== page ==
The styling of the LG Optimus Black is not exactly breathtaking but the execution is flawless. The minimalist look is in no way a disadvantage – LG have ended up with a recognizable design out of nothing much really.
Viewed head on, the Black very much resembles the Optimus 2X though the earpiece is very understated. Below it is the traditional set of proximity and ambient light sensors along with a 2MP front-facing camera.
Moving on, we see the four keys below the LG Optimus Black display. The usual Menu, Home, Back and Search controls all use the capacitive touch technology. The keys are haptic-enabled (when pressed the phone vibrates lightly) but feedback goes a step further. Upon a press, the backlighting of the key you touched changes color for a second. It’s a feature we quite like.
As usual, some of the keys have extra functionality upon a long press. The Home key launches the task switcher, while a press-and-hold of the Search key triggers voice search.
Moving on to the left side of the LG Optimus Black, we find the volume rocker and the dedicated gesture button. They barely protrude from the phone’s side but are reasonably easy to locate by touch and solid to press.
The right side of the phone is completely devoid of controls – it looks like we won’t be seeing much of hardware shutter keys in the future.
Topside, there’s the 3.5mm audio jack, the microUSB port and the Power/Lock key. The microUSB port is protected by a sliding plastic lid and doubles as the charger port.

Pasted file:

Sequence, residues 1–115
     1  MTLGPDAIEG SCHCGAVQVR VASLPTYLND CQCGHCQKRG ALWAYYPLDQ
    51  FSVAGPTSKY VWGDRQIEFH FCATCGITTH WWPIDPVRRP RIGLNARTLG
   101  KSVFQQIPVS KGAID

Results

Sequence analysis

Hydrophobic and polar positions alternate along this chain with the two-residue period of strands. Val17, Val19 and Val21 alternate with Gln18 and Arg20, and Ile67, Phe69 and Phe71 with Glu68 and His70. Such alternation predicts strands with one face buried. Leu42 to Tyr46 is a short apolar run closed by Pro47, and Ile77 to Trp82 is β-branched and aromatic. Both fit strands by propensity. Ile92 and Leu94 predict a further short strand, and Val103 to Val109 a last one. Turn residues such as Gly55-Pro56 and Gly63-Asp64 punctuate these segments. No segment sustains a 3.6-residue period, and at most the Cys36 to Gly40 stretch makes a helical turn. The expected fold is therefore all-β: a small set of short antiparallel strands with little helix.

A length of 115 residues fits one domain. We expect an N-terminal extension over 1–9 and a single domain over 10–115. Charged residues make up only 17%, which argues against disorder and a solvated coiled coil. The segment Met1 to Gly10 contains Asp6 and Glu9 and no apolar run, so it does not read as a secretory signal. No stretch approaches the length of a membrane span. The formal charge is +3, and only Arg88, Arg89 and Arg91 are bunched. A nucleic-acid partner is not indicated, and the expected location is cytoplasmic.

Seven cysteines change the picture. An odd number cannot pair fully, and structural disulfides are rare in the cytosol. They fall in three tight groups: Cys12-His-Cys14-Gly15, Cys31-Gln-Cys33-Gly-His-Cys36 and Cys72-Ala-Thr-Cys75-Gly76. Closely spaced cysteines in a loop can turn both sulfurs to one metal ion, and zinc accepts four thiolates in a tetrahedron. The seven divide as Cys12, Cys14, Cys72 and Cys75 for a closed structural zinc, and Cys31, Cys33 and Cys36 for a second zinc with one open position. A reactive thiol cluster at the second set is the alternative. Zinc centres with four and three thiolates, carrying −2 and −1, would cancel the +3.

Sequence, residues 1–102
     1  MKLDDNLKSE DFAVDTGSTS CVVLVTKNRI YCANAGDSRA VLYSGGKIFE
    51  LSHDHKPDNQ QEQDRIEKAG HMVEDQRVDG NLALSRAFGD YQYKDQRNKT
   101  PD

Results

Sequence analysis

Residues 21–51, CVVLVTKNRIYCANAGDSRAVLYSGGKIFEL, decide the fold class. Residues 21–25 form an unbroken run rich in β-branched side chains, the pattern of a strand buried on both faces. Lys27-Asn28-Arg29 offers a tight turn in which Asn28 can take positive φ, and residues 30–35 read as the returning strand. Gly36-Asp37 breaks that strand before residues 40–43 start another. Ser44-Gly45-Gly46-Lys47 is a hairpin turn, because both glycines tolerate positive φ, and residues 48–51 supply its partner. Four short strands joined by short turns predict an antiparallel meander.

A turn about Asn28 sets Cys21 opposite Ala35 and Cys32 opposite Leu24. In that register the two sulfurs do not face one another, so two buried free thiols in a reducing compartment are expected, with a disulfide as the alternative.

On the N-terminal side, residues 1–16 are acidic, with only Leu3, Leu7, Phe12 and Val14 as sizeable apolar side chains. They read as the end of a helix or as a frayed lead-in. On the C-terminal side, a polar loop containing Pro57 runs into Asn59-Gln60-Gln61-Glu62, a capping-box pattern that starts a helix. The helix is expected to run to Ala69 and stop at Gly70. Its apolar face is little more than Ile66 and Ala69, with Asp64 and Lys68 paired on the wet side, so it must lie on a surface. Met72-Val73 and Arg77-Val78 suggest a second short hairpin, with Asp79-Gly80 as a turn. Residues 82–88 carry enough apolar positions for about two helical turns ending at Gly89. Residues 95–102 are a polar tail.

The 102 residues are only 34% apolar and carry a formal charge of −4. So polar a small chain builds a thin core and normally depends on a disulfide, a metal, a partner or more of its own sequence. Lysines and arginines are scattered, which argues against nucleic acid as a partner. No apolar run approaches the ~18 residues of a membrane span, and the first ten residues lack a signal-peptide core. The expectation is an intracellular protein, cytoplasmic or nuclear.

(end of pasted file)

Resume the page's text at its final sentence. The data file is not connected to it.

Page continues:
The Power/Lock key is tiny but prominent enough though accidental presses are pretty much out of the question.
The bottom side of the LG Optimus Black holds nothing of interest beside the mic pinhole.
The 5 MP camera lens is located at the back, right next to the (not quite capable) LED flash. On the up side, the LED flash is good enough as a video light. The downside is there’s not much to protect the camera lens from scratches and smudges – except that it’s slightly recessed.
Popping the battery cover open reveals the 1500 mAh battery, the SIM and microSD card slots. The microSD card slot is hot-swappable even though it’s not accessible from the outside.
The loudspeaker is placed on the sloping edge of the back but it still gets slightly muffled when you place the Optimus Black on a flat surface.
As for the 1500mAh battery, LG didn’t quote standby and call times. They are quick to brag about their NOVA display using 50% less energy than a typical LCD (and 50% less than AMOLED when displaying pure white). Maybe they’re waiting for the phone to launch officially before revealing the numbers.
The LG Optimus Black feels great in the hand. Despite the lightweight super thin body, the device feels extra solid. The curved back improves handling and the matt plastic is both pleasant to the touch and fingerprint-resistant. The Black is surprisingly light for a phone of its size – some prefer heavier phones for the feel but others would go for less weight in the pocket. Anyway, we wouldn’t say no to the rock solid build and subtle elegance of the Optimus Black.
We held in our hands the Optimus Black, the XPERIA Arc and the Galaxy S II in turn and the Optimus Black was perceptibly the smallest, though it has the smallest screen too. The other two are marginally thinner than the LG Optimus Black (though you likely won’t notice if you don’t have the them in front of you). As for build quality, the Black stands up to the competition very well.